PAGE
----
Five bottles is the best value package at $236.10, which makes each bottle $47.24.

There don’t appear to be any pending lawsuits against Gentopia Laboratories, the maker of Virectin.

It does state on its website, “Statements regarding dietary supplements have not been evaluated by the FDA and are not intended to diagnose, treat, cure, or prevent any disease or health condition.”

There’s a 60-day, money-back guarantee. If you’re not happy with your purchase for any reason, send it back to Gentopia Laboratories within 60 days for a full refund.

According to the site, the information there is “for informational purposes only and is not intended as a substitute for the advice from your physician or healthcare professional before starting any diet, exercise or supplementation program, before taking any medication, or if you suspect you might have a health problem.”

The company offers free shipping in the United States on orders over $60.

Reviews for Virectin are mixed but skew largely negative. On Amazon, most of the ratings are 3 stars or lower. While there are some positive reviews, most of them are old. The bulk of recent customer comments are critical.

Many Amazon reviewers, for example, say that Virectin has no effect whatsoever and call the product a waste of money. One person also says the pill causes upset stomach.

Some reviewers call out the supplement for having a placebo effect.

One user explains, “It did not meet any of my expectations and as directed, I was taking 3 tablets daily. I found no change with regards to sexual enhancement.”

It may seem easier — or less embarrassing — to take a supplement you ordered online, but it may be more beneficial to look into what may be causing your ED symptoms in the first place. ED may also be a symptom of another health condition such as high blood pressure, diabetes, depression, or a side effect of a medication.

If you believe that your symptoms may be the result of a new medication, talk with your doctor before discontinuing usage, as you may experience other side effects from suddenly stopping. Your doctor can help you figure out if you should switch medications or begin an ED treatment.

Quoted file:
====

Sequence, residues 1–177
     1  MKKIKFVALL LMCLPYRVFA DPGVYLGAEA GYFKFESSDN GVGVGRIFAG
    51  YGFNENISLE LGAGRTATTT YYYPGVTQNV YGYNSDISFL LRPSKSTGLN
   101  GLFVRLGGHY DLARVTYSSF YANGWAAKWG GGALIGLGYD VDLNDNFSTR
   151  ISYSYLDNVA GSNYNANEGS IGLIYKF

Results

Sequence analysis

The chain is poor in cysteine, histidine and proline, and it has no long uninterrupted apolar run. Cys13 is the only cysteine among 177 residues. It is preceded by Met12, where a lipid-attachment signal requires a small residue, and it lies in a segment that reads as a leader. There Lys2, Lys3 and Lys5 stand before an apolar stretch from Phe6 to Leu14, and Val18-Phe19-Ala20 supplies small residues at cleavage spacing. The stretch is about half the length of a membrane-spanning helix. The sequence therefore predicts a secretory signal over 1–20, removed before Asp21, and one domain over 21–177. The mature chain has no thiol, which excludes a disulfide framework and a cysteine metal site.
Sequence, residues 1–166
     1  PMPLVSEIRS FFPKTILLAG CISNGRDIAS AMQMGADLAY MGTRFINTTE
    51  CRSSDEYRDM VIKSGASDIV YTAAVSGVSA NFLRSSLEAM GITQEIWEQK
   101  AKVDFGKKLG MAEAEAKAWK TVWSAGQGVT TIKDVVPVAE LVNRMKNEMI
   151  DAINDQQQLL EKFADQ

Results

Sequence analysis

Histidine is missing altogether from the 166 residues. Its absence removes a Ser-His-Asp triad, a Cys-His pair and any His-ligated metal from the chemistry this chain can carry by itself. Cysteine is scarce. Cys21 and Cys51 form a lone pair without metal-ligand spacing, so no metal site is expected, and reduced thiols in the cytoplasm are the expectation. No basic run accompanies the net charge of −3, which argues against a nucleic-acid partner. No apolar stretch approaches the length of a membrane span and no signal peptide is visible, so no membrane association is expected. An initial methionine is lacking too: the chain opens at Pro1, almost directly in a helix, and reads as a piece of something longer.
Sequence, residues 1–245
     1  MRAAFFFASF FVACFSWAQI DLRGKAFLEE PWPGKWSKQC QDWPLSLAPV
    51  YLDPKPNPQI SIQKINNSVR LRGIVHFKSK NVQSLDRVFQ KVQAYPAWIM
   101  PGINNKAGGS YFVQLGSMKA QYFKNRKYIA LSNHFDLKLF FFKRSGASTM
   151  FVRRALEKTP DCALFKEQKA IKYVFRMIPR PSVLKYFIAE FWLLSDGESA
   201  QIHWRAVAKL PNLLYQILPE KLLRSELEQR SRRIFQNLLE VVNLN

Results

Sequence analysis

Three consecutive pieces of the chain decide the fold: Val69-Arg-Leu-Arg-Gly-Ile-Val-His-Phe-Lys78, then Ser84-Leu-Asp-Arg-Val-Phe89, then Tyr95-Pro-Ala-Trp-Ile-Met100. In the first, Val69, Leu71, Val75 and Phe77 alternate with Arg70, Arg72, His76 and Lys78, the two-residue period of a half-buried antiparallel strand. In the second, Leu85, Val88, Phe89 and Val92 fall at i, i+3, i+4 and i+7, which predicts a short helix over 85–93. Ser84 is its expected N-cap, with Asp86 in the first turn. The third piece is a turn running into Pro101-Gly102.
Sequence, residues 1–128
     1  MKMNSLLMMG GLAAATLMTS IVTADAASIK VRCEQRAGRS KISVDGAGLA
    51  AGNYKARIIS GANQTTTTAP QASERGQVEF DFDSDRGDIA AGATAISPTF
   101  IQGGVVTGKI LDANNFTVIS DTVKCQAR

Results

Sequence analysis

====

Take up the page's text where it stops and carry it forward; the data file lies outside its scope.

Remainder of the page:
“Certainly, if a [male] experiences persistent problems with erections or ejaculation, seeing a urologist is advisable,” says Shteynshlyuger. When it comes to ED, seeing a healthcare professional sooner is best. Even occasional sexual performance problems can still impact self-esteem and the ability to engage in relationships.

“Situational erectile dysfunction with new partners should be treated preemptively as it often sets a vicious self-fulfilling cycle,” adds Shteynshlyuger.

Can I take Virectin if I have certain health conditions?

Since ED can develop from certain health conditions, it’s better to focus on medical treatment instead of supplements.

If you’re taking other medications, it’s very important you get clearance from your doctor before taking new supplements or medications to avoid potential negative interactions.

Can Virectin help improve my overall health?

Some ingredients in Virectin may benefit your health, such as lowering your stress levels and increasing your energy. However, the scientific evidence for these ingredients’ health effects is not well proven.

Does Virectin affect the other medications I may be taking?

It’s possible that Virectin could interact with other medications. Talk with your doctor about the medications you’re taking and whether any of the ingredients in Virectin could potentially interact with those.

It’s always better to be on the safer side.

Other male enhancement supplement options

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All in all, Virectin claims to help with erections, libido, and general sexual health. However, there’s a lack of clinical evidence.

Whether benefits are due to a placebo effect or not, if you’re concerned about the possibility of ED, you’re probably better off coming up with a plan with your doctor.

Risa Kerslake is a registered nurse, freelance writer, and mom of two from the Midwest. She specializes in topics related to women’s health, mental health, oncology, postpartum, and fertility content. She enjoys collecting coffee mugs, crocheting, and attempting to write her memoir. Read more about her work at her website.